After the disppointing finish to the APEX race in May, I was on the hunt for a use for all the endurance training I have been doing this year. I had it sorted, a Bob Graham attempt on the last weekend in June should do it!
Then 4 days before this I got an email from Eoin Keith (Irish AR), who I had met at APEX, asking if I would like to race at Raid the North Extreme (RTNX) with him and Thomas Etter (USA). I said yes and joined Eoin, Thomas and Nick Harper (Team Accelerate) in Canada to form Team Breast Cancer Awareness (BRAT)!
This was a bit of an unknown in terms of racing for me. I had done up to 3.5/4days of non stop Adventure Racing (AR) before but this would be slightly different, a true wilderness expedition race..
On Friday 22nd July we were all in Nelson, registering and packing! We got the maps on the Friday evening and immediately set to work. With the aid of some yellow highlighters and google earth we plotted what we thought would be the best route through the thick forests we had to negotiate en route. On Saturday it was time to leave Nelson and head to Kaslo, the pre race base. We were amazingly chilled at this point, boxes packed and handed in, maps and routes plotted, bikes fettled....what do you do the evening before a race without a last minute panic? Eat and sleep!
10am Sunday was start time! The first leg of the race was on bikes and it wasn't a gentle start with over 1500m climb and no descent! 3.5hrs later we had transitioned onto the first trek and this is where I got my first taste of 'bush whacking'. The trek started fast and I felt good, walking fast up the hills and trotting along and down. Nick was suffering a bit with the heat so we needed to make sure he was drinking lots and dipping his cap into every available river. Not long into the off road section we saw a team that Thomas got excited about, aparently they were probably going to do quite well so it was good to be up with them. The first part of the creek had a trail which made things relatively easy going. We caught Team Technu here and now I knew we were going alright!
Then came the bush bashing, we started into this in the daylight (just) at the end of day 1 and emerged from it well and truely in the light....The forest was made up of lots and lots of dense trees, some of them fallen, occassionaly sporting rhododendron type plants as well and where it looked nice going, it was actually covered in devils club, one of the tallest spikey plants I have ever had the pleasure of running through. We moved at less than 500m per hour that night - and that was good going!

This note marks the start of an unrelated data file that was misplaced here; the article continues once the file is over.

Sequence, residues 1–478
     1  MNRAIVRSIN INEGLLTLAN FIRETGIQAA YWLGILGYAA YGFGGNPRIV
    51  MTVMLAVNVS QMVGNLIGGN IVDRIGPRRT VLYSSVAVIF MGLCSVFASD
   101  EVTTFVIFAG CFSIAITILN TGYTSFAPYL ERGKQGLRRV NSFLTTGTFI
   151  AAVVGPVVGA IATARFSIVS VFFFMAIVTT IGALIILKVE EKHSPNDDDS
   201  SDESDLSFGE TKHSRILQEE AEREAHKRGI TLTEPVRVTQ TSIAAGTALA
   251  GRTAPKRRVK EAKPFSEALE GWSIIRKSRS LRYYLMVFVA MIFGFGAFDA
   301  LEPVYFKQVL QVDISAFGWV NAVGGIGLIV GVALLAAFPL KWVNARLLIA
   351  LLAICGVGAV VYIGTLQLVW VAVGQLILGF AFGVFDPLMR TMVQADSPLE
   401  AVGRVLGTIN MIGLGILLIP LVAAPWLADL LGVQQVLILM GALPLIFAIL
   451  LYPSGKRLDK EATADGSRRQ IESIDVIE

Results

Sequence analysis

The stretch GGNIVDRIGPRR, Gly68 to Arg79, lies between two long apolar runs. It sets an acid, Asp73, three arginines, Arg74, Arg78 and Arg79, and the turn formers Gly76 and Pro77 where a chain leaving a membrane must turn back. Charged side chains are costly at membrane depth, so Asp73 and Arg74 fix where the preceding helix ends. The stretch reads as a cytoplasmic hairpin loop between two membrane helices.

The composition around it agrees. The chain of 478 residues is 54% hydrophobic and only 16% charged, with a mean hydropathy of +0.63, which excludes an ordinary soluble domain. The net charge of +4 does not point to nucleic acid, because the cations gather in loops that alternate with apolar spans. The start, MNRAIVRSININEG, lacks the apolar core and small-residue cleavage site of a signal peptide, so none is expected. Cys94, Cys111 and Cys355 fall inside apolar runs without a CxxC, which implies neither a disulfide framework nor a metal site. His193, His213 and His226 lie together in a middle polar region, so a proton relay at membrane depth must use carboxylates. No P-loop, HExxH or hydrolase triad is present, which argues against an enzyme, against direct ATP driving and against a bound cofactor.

Towards dawn we spotted the French team high above us on the slope and being tired figured it was time to climb. A slight nav error, oops, we lost a couple of hours here which possibly made the fight with the undergrowth worse, but eventually we made it out of the woods and onto the snow! Checkpoint 2 in 12th position despite the error!
After a long descent (on which I saw my first sleepmonster, a bus waiting to take us down the hill) and a transition not to be proud of, it was off on the bikes again. Another few hours climbing but this time we got to descend (very fast :-) ) down to a couple of ghost towns, the last sign of civilisation we would see for days! Next, you guessed it, up up up to Idaho Peak. By the top the weather had changed, we were soaked, there was snow on the ground so a few bits of hike a bike and day 2 was over. Early on Tuesday we were 'whizzing' carefully down the single track off Idaho Peak, it was such fun but to one side there appeared to be a bottomless pit, the ground dropped away quite dramatically! You wouldn't want to get a crash wrong up there! Looking at the photos of it in daylight there were some stunning views to be had!
Transitions were much more slick by now and we left on leg 6 in around 10th position, hot on the tail of 2 teams, the French team from the first trek, and Team Checkpoint Zero. Before leaving we had a bit of banter with Geoff (Race Director) who promised us worse bush whacking in the aptly named Valhalla Provincial Park....I showed him my legs and his eyes nearly popped out :-P
This was the decider! The toughest thing I have ever done! The trek started off with 15-20km on trail up through the woods. We were moving well and caught both teams ahead, I was feeling amazingly good and strong at this point. At Beatrice Lake the decision came, which way round the lake to bushwhack? The French went left while we, along with Checkpoint Zero went right. We found a bear track for a bit which made life pretty good....but eventually it ended. Pete from Checkpoint Zero took the lead, I need to practice my bushwhacking skills! He can move through that stuff almost like it isn't there... If it was fern based, rock based or even thick fight based I could keep up, sadly most of the bush was fallen trees covered in devils club...and it was all I could do to keep up. This meant 8-10hrs of extreme effort with little or no time for food and drink as my hands were needed for climbing over trees! Then we reached THE river, freezing meltwater and a dodgy looking tree to slide over. On the other side the forest became fight, much to my relief as it gave me a bit of time to eat and drink! I wasn't last anymore!
However not long into this and it was time to make camp (10pm day 3) as Paul from checkpoint was hypothermic. A fire was made and I decided to change the plan of leaving my wet trousers on until we were out of the bush as I got pretty cold the minute we stopped...On with the dry fleece leggings!
We spent the next few hours getting thoroughly warm and watching headlights on the oposite side of the lake weave up and down and up and down and stop in a fire....